National Calamities. – Already France has reached a stage where the death rate is in excess of the birth rate. In Germany publicists are sounding a note of warning against conditions which threaten there to become as menacing as they are in France. The present war is much more likely to increase this menace to the race than it is to improve it. Even though future wars may not be immediate, and the peace of the world may not be threatened for generations, child-bearing will be refused on the ground that parents do not care to produce “fodder for the cannon” of those who are ambitious for war. There have been serious economic objections against child-life, and now new objections will be furnished by the destruction of the youth, the strongest and best in the manhood of nations.

Value of Children. – What is likely to be the result of this menace to our national life? In the first place, the birth of a million children has in it more potential value than all the billions of dollars that come from our fields, and we might include in that all the wealth that comes in a single year from our mines. We have never fully realized the value of an increasing population. If our population begins rapidly to decrease, our workshops will be empty, our railroads will be without patronage. The doors of our factories will be closed; and what will be more trouble, there will be a stagnant condition of life that forebodes decay and destruction. A decreasing population is a sure sign of increasing decay. The spirit of abandonment is the spirit of defeat. Men lose their courage, women their fortitude, and they settle down in a spirit of the fatalist, whose demoralizing life is reflected too much among Asiatics, in whom there is no ambition to advancement. Furthermore, by the abandonment of children, our lives are cut in two, so far as our ambition and struggles to promote ourselves in life go. Men forty-five and fifty are in the zenith of their power. At that age they are able to take a survey of practically all that they have to hope for in life. At that age their ambition comes generally to a standstill. If there are no children to whom their ambitions may be transferred, they are without hope.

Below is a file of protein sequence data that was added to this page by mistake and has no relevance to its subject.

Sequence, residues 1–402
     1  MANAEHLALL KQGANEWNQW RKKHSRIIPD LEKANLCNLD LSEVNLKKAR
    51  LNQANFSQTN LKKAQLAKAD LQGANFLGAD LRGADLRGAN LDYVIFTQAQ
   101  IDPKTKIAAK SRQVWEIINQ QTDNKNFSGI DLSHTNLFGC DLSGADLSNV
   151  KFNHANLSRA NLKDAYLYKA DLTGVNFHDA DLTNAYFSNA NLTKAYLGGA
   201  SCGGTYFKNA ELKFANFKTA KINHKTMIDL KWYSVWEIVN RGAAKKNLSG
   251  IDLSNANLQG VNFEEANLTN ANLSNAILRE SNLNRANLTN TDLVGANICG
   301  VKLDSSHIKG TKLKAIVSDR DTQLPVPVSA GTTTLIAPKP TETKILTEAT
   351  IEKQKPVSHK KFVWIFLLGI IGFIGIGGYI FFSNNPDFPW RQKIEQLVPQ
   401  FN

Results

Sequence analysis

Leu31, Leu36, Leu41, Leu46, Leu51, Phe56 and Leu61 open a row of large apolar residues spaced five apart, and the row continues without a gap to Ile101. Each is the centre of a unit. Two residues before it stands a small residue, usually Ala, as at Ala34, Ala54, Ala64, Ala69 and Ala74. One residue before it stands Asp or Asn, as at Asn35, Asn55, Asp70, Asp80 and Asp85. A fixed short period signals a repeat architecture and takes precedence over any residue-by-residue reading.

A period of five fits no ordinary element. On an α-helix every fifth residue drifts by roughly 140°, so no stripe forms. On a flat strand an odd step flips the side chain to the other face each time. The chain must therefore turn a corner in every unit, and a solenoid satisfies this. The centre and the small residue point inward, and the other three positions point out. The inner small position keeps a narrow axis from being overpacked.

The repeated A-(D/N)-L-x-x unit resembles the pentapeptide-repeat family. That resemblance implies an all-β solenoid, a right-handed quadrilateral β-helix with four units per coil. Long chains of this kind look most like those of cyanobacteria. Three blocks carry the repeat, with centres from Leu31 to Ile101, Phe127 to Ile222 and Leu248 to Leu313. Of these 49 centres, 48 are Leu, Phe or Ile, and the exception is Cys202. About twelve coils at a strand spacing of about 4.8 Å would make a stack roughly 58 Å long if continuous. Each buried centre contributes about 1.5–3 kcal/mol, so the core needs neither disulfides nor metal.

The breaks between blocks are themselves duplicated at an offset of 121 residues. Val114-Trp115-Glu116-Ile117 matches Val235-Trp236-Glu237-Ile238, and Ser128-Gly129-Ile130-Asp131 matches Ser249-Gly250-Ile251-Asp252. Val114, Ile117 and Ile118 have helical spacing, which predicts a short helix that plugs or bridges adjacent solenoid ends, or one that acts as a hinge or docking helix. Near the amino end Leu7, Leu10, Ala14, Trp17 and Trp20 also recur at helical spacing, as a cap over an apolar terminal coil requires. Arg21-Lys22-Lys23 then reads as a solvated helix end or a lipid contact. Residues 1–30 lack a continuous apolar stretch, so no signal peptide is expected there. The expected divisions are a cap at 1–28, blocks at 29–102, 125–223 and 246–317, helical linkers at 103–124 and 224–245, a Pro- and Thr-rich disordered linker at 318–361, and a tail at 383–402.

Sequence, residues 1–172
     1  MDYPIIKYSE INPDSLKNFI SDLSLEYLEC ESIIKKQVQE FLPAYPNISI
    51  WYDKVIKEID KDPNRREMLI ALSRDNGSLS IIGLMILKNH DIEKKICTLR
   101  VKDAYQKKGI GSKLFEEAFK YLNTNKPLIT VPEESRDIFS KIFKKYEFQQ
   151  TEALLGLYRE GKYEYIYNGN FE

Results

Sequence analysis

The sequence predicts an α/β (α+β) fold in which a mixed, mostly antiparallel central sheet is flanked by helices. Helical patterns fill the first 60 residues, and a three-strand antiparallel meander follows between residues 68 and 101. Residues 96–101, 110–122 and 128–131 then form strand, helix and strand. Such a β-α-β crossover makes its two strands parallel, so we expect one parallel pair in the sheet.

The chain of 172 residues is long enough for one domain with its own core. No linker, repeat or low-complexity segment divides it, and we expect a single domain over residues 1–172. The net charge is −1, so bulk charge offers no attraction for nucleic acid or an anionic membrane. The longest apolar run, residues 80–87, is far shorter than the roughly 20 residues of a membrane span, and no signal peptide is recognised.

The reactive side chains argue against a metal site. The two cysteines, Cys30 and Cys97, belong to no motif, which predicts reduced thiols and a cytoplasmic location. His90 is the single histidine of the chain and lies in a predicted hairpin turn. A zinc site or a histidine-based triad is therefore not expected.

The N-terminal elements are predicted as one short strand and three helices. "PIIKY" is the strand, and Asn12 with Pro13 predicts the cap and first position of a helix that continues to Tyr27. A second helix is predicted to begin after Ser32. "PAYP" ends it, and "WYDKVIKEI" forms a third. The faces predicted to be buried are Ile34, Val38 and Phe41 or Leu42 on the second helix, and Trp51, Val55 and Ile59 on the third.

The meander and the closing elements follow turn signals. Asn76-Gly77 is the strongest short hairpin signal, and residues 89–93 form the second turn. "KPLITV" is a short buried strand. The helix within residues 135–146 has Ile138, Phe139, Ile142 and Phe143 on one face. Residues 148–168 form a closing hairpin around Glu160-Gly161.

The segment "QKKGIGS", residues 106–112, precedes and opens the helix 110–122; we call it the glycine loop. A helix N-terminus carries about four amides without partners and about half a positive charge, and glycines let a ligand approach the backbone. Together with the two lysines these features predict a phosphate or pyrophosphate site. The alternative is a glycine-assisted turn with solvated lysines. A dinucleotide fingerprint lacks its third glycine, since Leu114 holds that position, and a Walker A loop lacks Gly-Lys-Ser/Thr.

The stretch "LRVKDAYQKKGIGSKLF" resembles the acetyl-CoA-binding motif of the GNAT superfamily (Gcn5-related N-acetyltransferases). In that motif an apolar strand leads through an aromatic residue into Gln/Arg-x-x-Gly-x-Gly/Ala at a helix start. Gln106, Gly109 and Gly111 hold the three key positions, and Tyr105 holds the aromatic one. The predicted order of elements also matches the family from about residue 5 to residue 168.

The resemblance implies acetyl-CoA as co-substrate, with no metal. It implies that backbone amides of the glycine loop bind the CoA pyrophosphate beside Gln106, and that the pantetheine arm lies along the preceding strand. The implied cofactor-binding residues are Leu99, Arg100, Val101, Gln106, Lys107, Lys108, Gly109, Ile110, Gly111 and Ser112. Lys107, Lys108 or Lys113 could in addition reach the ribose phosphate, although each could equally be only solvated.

Australia allows by law $25.00 to the mother of every child born to her without making inquiry into its parental origin. Other countries make provisions for the expenses of child-birth because they have learned the value of child life. The Untied States has in the past been supplied with population largely by immigration; and yet different states make provisions for the expenses of childhood.

Ruskin beautifully declares that “There is no wealth but life – life, including all its powers of love, of joy, and of admiration. That country is richest which nourishes the greatest number of noble and happy human beings; that man is richest, who, having perfected the functions of his own life to the utmost, has also the widest helpful influences, both personal and by means of his possessions, over the lives of others.” The wealth that comes from the veins of human life is purple. It is not the yellow of gold, a dross in comparison.